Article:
Heterozygosity under the neutral model can be predicted given values for mutation rate and effective population size. Estimates for both parameters are crude, but Maynard Smith (1970b) and Nei and Graur (1984) predicted that levels of protein heterozygosity in large natural populations should approach the upper limit of 1. Although some species show close to zero allozyme variation, very few studies found H > 0.30. Species such as humans, Drosophila melanogaster, and Escherichia coli show roughly similar levels of protein polymorphism although their historical population sizes presumably differ greatly. This “invariance of heterozygosity” (Lewontin 1974) was argued as strong evidence against the neutral model.
Protein divergence and the neutral model
The neutral model also makes simple predictions for evolutionary divergence. For proteins, new mutations fall into two main fitness classes: strongly deleterious mutations that natural selection quickly eliminates from populations and neutral mutations that drift to fixation with probabilities equal to their initial frequency. Neutral mutations have smaller fixation probabilities in larger populations than in smaller populations, but this difference is exactly matched by the higher mutational input in larger populations, and the expected rate of neutral divergence is simply the mutation rate (and is independent of population size) (Wright 1938).
The initial motivation for Kimura’s proposal of the neutral theory was absolute rates of protein evolution that appeared to violate theoretical upper limits for adaptive fixations (Kimura 1968), but the molecular clock was quickly adopted as one of the strongest pieces of evidence supporting neutral evolution (Kimura and Ohta 1971a). The clock-like nature of protein evolution (Zuckerkandl and Pauling 1965) was considered to be in accord with the neutral theory’s prediction of lack of dependence on population size and inconsistent with adaptive models that predict rate dependence on both population sizes and the particular ecology of species. To account for the molecular clock, Kimura and Ohta (1971a,b) proposed that mutation rates are approximately constant per year. In addition, they suggested that the fraction of neutral mutations varies among proteins (this explains the among-protein rate variation) but remains relatively constant over time (this explains the clock-like divergence for each protein) (Kimura and Ohta 1971b). Kimura’s views on the importance of weakly selected mutations fluctuated over his career (Kimura and Takahata 1995); we will refer to the initial formulation discussed above as the “neutral model.”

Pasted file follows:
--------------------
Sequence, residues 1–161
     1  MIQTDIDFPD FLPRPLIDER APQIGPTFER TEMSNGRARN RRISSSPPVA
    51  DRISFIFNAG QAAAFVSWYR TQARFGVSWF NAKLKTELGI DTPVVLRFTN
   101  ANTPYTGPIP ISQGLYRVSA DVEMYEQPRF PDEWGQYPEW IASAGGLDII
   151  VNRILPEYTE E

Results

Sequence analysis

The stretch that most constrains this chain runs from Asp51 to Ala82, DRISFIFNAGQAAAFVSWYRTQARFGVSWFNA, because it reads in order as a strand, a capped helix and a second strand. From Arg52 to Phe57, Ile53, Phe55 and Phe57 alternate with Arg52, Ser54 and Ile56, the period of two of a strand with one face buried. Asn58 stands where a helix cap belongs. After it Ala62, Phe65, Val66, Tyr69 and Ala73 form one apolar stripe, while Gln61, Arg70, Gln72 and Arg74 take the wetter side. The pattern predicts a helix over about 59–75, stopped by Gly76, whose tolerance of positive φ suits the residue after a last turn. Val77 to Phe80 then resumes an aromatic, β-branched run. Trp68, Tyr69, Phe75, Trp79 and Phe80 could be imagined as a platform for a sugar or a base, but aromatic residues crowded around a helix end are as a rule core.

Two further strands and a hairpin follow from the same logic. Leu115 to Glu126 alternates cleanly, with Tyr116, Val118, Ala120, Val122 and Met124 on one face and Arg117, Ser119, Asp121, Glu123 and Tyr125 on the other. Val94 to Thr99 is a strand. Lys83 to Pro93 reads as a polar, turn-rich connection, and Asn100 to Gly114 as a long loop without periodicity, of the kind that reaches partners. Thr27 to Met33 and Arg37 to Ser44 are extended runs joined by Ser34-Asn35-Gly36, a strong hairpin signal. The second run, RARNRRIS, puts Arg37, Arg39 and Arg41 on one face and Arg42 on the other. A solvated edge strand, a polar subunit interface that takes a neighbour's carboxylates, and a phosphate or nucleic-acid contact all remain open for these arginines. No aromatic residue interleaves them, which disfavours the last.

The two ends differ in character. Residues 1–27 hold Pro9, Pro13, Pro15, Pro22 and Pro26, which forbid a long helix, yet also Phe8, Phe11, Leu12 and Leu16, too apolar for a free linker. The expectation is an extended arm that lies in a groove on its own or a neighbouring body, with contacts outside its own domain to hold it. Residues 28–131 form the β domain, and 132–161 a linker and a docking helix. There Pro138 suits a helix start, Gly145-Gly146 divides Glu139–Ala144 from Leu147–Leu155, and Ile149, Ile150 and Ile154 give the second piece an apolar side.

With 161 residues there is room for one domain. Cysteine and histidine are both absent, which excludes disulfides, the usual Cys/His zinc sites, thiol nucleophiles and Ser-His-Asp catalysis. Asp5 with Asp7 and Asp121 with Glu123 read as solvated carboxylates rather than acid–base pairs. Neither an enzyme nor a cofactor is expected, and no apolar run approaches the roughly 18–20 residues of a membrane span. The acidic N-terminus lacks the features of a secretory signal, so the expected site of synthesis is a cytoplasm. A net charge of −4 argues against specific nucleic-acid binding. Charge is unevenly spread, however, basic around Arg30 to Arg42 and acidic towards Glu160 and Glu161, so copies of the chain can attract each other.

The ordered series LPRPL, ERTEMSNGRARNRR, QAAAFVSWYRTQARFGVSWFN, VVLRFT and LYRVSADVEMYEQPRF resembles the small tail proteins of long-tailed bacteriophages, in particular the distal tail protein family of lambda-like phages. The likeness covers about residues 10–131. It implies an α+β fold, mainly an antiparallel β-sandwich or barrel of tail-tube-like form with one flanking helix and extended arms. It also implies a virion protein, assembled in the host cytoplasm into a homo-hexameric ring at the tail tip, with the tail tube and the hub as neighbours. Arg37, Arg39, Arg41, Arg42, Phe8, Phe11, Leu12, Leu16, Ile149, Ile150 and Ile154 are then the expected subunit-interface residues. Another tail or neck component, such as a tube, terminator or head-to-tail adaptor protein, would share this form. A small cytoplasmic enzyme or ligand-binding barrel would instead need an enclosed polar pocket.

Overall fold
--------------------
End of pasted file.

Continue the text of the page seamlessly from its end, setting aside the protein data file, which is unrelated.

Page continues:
Contrasting patterns of protein and DNA divergence forced a reconsideration of the fit of protein molecular clocks to the strict neutral model (Ohta 1972a). DNA divergence, accessed through DNA–DNA hybridization (Laird and McCarthy 1968; Kohne 1970), appeared to show a generation time effect (greater divergence in lineages experiencing larger numbers of generations per year) in contrast to the absolute-time dependence of protein evolution. The ratio of DNA to protein divergence varied considerably (>10-fold) among lineages. Under the neutral model, this ratio gives an estimate of 1/fn for proteins (assuming fn = 1 for DNA divergence), and such variation violated a tenet of the neutral model (Kimura and Ohta 1971a).
Ohta proposed that “nearly neutral” mutations could explain both the upper limit of protein heterozygosity and excess variation in protein divergence scaled to DNA divergence. The efficacy of selection depends on the product of selection coefficient and effective population size (Nes), referred to as “selection intensity” or “scaled selective effect.” The model assumes a large fraction of newly arising mutations with “borderline” fitness effects between clearly deleterious (Nes << −1) and selectively neutral (|Nes| << 1). Amino acid changes with subtle effects on protein folding could fall into this category (Barnard et al. 1972; Ohta 1973). For mutations in the nearly neutral range, the balance between the influence of genetic drift and natural selection is strongly dependent on effective population size. Figure 1 shows expected levels of within- and between-species variation for mutations with small fitness effects. Positive and negative selection increase and decrease expected levels of polymorphism and divergence, respectively, but the impact of selection is greater on divergence than on polymorphism. Interestingly, the rate of increase in polymorphism declines with the magnitude of positive selection. Although more strongly selected advantageous alleles have a reduced probability of loss by drift, they also show a shorter transit time within populations (and thus have a smaller probability of being sampled). Slightly deleterious mutations, Nes ≈ −1, have non-negligible probabilities of being sampled within populations and going to fixation relative to neutral mutations, but fixation probabilities drop to essentially zero for Nes < −3. Ohta defined nearly neutral mutations as those “whose selection coefficients are so small that their behavior is not very different from strictly neutral mutants. Operationally, this is defined by |Nes| < 1 (Ohta 1972b). The relative strengths of selection and genetic drift shift gradually near |Nes| ≈ 1, so “near neutrality” cannot be precisely defined (especially for s > 0). In this section, we employ Ohta’s definition of effectively neutral mutations in the range |Nes| < 1 and consider only deleterious mutations.